Farmers receiving allocations from the State Water Project can expect a bigger allotment this year than they anticipated as recently as last month, thanks to late-season precipitation.

The California Department of Water Resources announced Monday this year’s allocation has been raised to 35 percent of full distribution, or 1.48 million acre-feet of water statewide. (One acre foot is enough to cover one acre of land with a foot of water.)

As of last month, the agency planned to distribute only 30 percent of normal. Monday's increase represents 212,961 acre-feet, or 69.4 billion gallons, more water than was expected to be allocated statewide.

There are 29 entities that draw from the State Water Project. Together, they serve 27 million California residents, and about 750,000 acres of farmland.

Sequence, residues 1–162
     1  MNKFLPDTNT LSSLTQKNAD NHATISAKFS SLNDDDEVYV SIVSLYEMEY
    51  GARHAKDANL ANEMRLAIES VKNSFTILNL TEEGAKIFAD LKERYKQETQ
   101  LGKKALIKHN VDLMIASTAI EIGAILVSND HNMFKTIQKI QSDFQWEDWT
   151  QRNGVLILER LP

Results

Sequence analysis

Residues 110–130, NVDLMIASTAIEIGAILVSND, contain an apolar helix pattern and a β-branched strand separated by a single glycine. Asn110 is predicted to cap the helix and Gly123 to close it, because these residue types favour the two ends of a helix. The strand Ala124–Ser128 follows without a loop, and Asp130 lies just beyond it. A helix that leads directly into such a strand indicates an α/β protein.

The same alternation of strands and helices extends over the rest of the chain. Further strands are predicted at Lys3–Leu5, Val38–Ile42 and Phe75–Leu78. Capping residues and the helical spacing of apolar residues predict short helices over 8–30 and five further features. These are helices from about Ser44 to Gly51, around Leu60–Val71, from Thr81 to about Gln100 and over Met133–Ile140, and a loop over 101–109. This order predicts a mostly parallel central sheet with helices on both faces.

The Kern County Water Agency, which is the local contractor to the State Water Project, initially requested 982,730 acre-feet. Monday's announcement means the local agency's customers will receive a total of 343,956 acre-feet of water.

The state's original allocation was estimated at 15 percent of normal in December. It rose to 20 percent in January, then to 30 percent in April.

“Late season rain and snow in March and April salvaged what would have been a severely dry year, which allows us to make this slight increase in allocation,” department Director Karla Nemeth said in a news release.

“Our water storage is currently in fair condition,” she continued, “but the state’s snowpack is still low, so Californians need to continue to embrace water conservation as a crucial part of our lifestyle.”

The state’s snow water content, one of several factors that determine allocations, fell from 44 percent of average April 21 to 15 percent Monday.

Most of the major reservoirs where California’s water is stored are above their historical averages.

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